2011 BMW X1 - First Drive Review
Just call it a really tall 3-series wagon.
BY JUERGEN ZOELLTER
BMW is an expert at filling niches that buyers probably never even thought existed. Witness vehicles such as the 5-series Gran Turismo, the upcoming Mini SUV, and the smallest member of the X family, the X1.
This new BMW baby ute is 175.4 inches long, 70.8 inches wide, and 60.8 inches high. That makes it 2.8 inches shorter than a 3-series wagon and 4.5 inches shorter than an X3. Although this may suggest it’s based on the 1-series, the X1 is actually closely related to the 3-series wagon, down to axles, powertrains, and identical all-wheel-drive systems.
The X1 is not a serious off-roader—there are no differential locks, for instance. It’s more of an on-road driving machine with forest-exploration capability. In everyday driving, the AWD system delivers 60 percent of the engine torque to the rear axle and 40 percent to the front, but the multidisc clutch pack is able to apportion torque to whichever axle needs it for traction.
At a glance, the X1 looks very similar to the bigger X3. The main differentiation is its giant BMW kidney grille and more steeply raked windshield and liftgate. Inside, the X1’s décor and layout mimic those of the 3-series. Surprisingly, in view of the vehicle’s compact dimensions, there’s plenty of room out back for a couple of adults. The fifth passenger’s space is compromised by the way the center console runs back into that rider’s seating area. The cargo area varies between 15 cubic feet with the rear seats slid all the way back—there’s another 3 cubic feet available if they’re slid forward—to 48 cubic feet with the seats folded flat.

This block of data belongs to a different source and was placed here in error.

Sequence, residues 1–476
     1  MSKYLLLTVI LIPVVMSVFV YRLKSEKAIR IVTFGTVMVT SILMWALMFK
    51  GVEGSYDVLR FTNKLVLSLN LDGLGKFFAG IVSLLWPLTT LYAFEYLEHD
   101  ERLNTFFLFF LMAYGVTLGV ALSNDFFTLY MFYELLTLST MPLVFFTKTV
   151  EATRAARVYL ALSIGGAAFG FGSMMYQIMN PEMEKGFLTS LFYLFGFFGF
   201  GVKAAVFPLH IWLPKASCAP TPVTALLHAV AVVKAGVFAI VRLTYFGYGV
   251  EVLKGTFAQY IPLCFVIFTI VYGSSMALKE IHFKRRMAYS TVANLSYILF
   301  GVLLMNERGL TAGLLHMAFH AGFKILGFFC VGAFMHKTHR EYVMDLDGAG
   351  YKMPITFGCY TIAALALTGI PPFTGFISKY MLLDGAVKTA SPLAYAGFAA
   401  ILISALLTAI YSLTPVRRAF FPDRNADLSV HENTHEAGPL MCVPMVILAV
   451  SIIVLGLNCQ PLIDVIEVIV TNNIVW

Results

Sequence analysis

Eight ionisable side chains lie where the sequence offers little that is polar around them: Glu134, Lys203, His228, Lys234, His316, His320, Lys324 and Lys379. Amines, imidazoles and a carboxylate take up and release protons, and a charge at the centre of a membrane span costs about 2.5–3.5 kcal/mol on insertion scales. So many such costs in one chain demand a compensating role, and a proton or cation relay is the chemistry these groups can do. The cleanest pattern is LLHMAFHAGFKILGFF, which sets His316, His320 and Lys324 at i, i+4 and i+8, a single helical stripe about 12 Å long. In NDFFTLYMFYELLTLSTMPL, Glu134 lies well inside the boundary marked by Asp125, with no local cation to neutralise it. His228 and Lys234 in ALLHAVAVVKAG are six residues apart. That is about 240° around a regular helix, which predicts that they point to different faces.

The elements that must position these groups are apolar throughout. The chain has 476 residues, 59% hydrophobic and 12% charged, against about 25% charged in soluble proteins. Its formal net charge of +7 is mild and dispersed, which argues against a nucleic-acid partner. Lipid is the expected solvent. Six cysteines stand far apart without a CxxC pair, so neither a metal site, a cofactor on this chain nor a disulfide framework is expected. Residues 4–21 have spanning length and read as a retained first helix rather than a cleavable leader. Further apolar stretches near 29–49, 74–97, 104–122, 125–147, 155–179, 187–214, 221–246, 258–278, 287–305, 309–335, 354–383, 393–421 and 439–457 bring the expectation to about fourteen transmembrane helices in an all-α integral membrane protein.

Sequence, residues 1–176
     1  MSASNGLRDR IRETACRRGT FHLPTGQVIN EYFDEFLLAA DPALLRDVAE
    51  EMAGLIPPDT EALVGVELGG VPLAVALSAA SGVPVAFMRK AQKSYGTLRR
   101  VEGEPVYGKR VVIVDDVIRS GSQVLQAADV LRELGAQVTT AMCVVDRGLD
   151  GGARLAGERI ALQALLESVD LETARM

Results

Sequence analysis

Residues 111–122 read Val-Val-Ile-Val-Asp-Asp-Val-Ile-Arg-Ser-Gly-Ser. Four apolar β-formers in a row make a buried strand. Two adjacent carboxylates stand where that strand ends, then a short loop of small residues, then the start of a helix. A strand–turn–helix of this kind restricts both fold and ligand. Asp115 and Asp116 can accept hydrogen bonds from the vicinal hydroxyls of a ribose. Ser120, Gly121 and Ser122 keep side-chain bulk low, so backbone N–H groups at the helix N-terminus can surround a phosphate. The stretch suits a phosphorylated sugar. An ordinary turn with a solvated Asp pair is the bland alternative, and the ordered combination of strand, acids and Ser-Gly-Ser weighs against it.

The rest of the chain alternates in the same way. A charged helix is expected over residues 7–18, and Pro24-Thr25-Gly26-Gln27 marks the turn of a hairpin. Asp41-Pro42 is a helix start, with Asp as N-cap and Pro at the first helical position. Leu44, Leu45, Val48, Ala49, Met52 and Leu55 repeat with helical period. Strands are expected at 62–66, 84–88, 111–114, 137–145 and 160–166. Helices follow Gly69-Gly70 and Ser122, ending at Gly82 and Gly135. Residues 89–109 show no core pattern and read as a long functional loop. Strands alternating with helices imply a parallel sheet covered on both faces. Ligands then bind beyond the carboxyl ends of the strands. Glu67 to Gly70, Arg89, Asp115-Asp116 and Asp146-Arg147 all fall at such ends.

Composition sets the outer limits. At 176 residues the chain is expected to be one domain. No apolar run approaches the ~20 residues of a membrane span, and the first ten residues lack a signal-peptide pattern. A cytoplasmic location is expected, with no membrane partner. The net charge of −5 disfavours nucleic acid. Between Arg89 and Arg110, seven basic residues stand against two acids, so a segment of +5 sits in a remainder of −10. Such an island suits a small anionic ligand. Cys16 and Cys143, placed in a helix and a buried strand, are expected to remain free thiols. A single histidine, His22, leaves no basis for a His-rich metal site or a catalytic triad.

When the car goes on sale in the U.S. in early 2011, the initial model offering will be the X1 xDrive30i, powered by a 260-hp version of BMW’s familiar 3.0-liter inline-six also found in the X3 and the X5. A 2.0-liter, four-cylinder twin-turbo diesel may or may not make it to these shores. In Europe, the inline-six is mated only to a six-speed automatic transmission.
The X1 definitely wants to be the sports car in the compact-SUV segment. The Servotronic steering system is tuned comparably to the 3-series’ helm and feels much more responsive than the X3’s. The optional Sport package lowers the ride height by 0.8 inch and comes with 18-inch wheels and tires in place of the standard 17-inchers. Despite this, it’s more comfortable than the X3 and exhibits better body control in taking corners. Harsh impacts cause fewer tremors than in the X3.
Exactly what the X1’s niche is, though, we’re not quite sure: the sporty member of the really small and expensive cute-ute category, perhaps? When it goes on sale, it will be in a class of three, joined by the Land Rover LRX and the Audi Q3, and it will likely start at about $36,000.
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